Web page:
News flash: As long as you hunt with bullets that aren’t made from lead, the Humane Society of the United States is A-Okay with it.
Utter nonsense? Absolutely.
But that’s what the group is suggesting by trying to “get the lead out” of ammunition.
HSUS’s official position on hunting is that it “works to end the worst abuses in hunting and maintain longstanding protections for animals where they already exist.” Gee, to read that you’d almost think that the group is fine with about 99 percent of America’s sportsmen and women.
Forget that HSUS CEO Wayne Pacelle led the anti-hunting Fund for Animals for six years, or that HSUS merged with that group in 2005. And set aside Pacelle’s well-documented early warning that “If we could shut down all sport hunting in a moment, we would.”
Nope—we’re supposed to believe that HSUS is a moderate, common-sense group whose only real objective during deer season is to make sure the animals can run free and die cleanly.
Sure. And the Pope is secretly a Mormon.
On September 22 of last year, HSUS Executive Vice President (and Chief Operating Officer) Michael Markarian testified before the Congressional Subcommittee on Insular Affairs, Oceans, and Wildlife.
The topic was a rather arcane issue related to polar bears in the Canadian arctic circle. But at one point, Congressman Don Young (R-Alaska) asked Markarian about HSUS’s position on hunting in general (click here for the hearing video, and scroll to 42:50). Here's the relevant portion:
Markarian: "Congressman, I think you know our position. Uh…"
Young: "You don't support hunting."
Markarian: "We do not support the hunting of polar bears in the arctic."
Young: "Do you support any hunting?"
Markarian: "We're not against all hunting. We're against inhumane…"
Young: "Which hunting do you support?"
Markarian: "We're not against …"
Young: "Which hunting do you support?"
Markarian: "We're not against subsistence hunting in your state of Alaska, we have no problem with [it]."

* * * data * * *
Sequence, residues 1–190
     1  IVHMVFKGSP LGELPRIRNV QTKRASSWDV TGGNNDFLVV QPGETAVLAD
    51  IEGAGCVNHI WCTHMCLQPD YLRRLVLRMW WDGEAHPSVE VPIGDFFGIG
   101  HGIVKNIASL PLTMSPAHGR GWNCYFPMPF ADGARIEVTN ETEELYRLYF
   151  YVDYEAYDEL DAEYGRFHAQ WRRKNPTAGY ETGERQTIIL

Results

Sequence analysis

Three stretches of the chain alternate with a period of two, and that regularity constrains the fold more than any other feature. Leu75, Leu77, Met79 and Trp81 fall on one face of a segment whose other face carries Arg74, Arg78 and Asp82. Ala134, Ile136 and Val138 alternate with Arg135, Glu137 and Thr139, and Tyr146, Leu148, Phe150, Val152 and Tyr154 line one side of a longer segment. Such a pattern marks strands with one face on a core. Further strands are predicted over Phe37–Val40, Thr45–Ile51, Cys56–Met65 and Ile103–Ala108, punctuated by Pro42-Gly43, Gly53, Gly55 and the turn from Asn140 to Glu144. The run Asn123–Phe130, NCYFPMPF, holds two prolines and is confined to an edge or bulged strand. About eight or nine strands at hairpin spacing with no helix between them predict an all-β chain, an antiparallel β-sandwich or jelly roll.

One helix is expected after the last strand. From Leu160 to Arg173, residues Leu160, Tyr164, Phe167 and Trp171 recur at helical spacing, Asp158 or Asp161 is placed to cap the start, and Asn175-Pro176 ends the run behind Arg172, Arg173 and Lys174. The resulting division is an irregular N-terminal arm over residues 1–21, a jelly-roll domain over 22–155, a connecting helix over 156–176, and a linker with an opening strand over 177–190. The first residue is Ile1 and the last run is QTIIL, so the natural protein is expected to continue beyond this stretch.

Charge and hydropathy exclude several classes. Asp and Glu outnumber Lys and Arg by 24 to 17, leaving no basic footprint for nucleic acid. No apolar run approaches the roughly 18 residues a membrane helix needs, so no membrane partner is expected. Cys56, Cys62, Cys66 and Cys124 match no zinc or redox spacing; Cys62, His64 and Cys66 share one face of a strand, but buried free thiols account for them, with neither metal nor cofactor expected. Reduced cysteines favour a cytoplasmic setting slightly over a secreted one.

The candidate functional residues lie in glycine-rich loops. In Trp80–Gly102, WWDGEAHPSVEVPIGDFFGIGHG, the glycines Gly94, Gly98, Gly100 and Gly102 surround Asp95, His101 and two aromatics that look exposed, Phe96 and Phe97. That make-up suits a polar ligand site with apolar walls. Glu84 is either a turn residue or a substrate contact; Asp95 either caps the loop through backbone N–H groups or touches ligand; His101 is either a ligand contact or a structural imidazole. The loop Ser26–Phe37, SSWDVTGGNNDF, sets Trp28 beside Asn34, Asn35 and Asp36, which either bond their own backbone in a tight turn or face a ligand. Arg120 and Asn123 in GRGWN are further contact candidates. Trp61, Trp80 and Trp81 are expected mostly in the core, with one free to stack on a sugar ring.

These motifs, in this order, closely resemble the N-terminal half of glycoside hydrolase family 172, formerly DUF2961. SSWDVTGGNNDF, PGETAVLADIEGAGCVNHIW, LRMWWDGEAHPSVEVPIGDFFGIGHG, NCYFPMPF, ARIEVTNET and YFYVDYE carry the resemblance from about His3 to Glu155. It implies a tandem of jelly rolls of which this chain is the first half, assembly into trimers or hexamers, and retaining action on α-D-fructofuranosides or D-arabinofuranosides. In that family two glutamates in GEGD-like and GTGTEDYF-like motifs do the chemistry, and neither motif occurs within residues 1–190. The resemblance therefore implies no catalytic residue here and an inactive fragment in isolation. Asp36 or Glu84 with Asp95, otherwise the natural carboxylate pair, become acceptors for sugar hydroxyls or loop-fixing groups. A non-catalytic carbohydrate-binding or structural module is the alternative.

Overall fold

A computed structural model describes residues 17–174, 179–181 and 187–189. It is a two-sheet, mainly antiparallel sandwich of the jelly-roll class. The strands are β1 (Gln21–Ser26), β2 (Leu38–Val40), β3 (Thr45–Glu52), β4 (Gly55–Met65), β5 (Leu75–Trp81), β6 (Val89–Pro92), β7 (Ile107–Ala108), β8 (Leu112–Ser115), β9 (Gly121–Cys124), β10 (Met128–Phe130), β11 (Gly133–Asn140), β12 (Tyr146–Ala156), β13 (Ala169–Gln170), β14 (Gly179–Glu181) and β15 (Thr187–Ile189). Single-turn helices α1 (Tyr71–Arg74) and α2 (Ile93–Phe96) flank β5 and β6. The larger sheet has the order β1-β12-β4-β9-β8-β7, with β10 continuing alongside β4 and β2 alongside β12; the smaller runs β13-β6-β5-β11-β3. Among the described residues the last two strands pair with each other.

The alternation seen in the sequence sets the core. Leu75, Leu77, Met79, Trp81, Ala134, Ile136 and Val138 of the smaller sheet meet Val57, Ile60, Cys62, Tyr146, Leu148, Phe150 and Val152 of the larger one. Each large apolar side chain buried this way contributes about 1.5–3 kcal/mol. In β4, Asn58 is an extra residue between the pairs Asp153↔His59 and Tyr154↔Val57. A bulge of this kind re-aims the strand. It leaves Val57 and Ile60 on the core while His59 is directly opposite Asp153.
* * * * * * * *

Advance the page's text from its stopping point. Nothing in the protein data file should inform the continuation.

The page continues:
So apparently, other than “subsistence hunting in Alaska,” all hunting is "inhumane." That's handy to know.
This could be why HSUS has called for a ban on all lead hunting ammunition. In particular, HSUS is lobbying for a ban on lead shot in California. (Montana’s Department of Fish, Wildlife, and Parks has proposed an HSUS-favored ban on lead shot too. It failed.)
HSUS’s stated rationale for its position is that birds (including the California condor) can eat lead shot that falls to the ground, and are subsequently poisoned. They also argue—with a straight face—that people who eat venison from animals shot with lead bullets are somehow at a serious risk of lead poisoning.
It’s true that in a 2008 study supervised by the Centers for Disease Control and Prevention, several North Dakota researchers tested the blood lead levels of more than 700 residents, most of whom consumed game meat. This study found that North Dakotans who ate meat from wild game had slightly higher blood-lead levels than those who didn’t.
HSUS rushed to announce that “If there was any doubt about the urgent need to rid our country of lead ammunition, here is proof positive.”
But if you actually look at the North Dakota study results, you’ll find that subjects had average levels of just 1.17 micrograms of lead per deciliter of blood (1.17 μg/dL). That’s far less than the 10 μg/dL that the CDC considers “elevated.”
Absolutely nobody in the North Dakota study had lead levels at 10 or above. Their mean blood-lead level, in fact, was actually less than that of the population at large. And—get this—less than 6 percent of ground venison samples from processors examined by scientists contained any measurable levels of lead at all.
North Dakota’s Game and Fish Department concluded that it was “not recommending major changes for hunters” as a result of the study. But HSUS’s spin-doctors couldn’t let an opportunity to create public fear about hunting go to waste.
One thing a ban on lead ammunition would clearly do is drive up the costs of hunting (something HSUS wants). Lead shot and bullets can be replaced by a number of alternatives: steel, copper, bismuth, and tungsten, for example. One EPA analysis shows that all of these alternatives are significantly more costly than lead rounds. (The Billings Gazette notes that steel shotgun shells cost 64 percent more than lead ones.)
There’s also a question of ammunition performance. From my understanding, a harder steel bullet could simply penetrate through an animal instead of “flattening” upon impact the way softer projectiles do. This could lead to a higher rate of wounded animals that creep back into the forest only to die a more painful death. Not exactly a "humane" way to go.
Other options? Tungsten—adopted by the Army some years back as a “green” replacement for lead—turned out to be carcinogenic. And a 2004 Canadian study raised the possibility of bismuth’s toxicity too.
There are clearly up-sides and down-sides to just about anything. But much like HSUS’s strategy of raising the price of meat and eggs to discourage consumption and bankrupt farmers, the group seems to be trying to price as many hunters as possible out of their hobby.
Or maybe HSUS will suddenly be in favor of hunting as soon as everyone starts using expensive copper bullets.
Uh-huh. When Michael Markarian starts endorsing “humane ammunition” by slapping HSUS's logo on the box, I’m sure there will be a press release.